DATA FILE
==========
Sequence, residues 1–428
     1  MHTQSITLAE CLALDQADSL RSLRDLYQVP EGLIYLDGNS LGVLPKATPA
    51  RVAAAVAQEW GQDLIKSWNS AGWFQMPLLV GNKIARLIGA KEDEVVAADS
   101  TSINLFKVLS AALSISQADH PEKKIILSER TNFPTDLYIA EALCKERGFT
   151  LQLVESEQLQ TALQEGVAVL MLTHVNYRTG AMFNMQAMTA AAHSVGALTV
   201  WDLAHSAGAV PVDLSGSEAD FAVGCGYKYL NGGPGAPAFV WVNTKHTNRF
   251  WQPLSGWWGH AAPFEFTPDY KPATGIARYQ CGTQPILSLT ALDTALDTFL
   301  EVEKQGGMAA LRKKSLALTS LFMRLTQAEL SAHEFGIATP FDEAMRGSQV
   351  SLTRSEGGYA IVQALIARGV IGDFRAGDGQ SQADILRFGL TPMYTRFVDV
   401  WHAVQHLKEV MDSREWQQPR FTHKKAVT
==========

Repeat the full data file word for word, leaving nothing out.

Sequence, residues 1–428
     1  MHTQSITLAE CLALDQADSL RSLRDLYQVP EGLIYLDGNS LGVLPKATPA
    51  RVAAAVAQEW GQDLIKSWNS AGWFQMPLLV GNKIARLIGA KEDEVVAADS
   101  TSINLFKVLS AALSISQADH PEKKIILSER TNFPTDLYIA EALCKERGFT
   151  LQLVESEQLQ TALQEGVAVL MLTHVNYRTG AMFNMQAMTA AAHSVGALTV
   201  WDLAHSAGAV PVDLSGSEAD FAVGCGYKYL NGGPGAPAFV WVNTKHTNRF
   251  WQPLSGWWGH AAPFEFTPDY KPATGIARYQ CGTQPILSLT ALDTALDTFL
   301  EVEKQGGMAA LRKKSLALTS LFMRLTQAEL SAHEFGIATP FDEAMRGSQV
   351  SLTRSEGGYA IVQALIARGV IGDFRAGDGQ SQADILRFGL TPMYTRFVDV
   401  WHAVQHLKEV MDSREWQQPR FTHKKAVT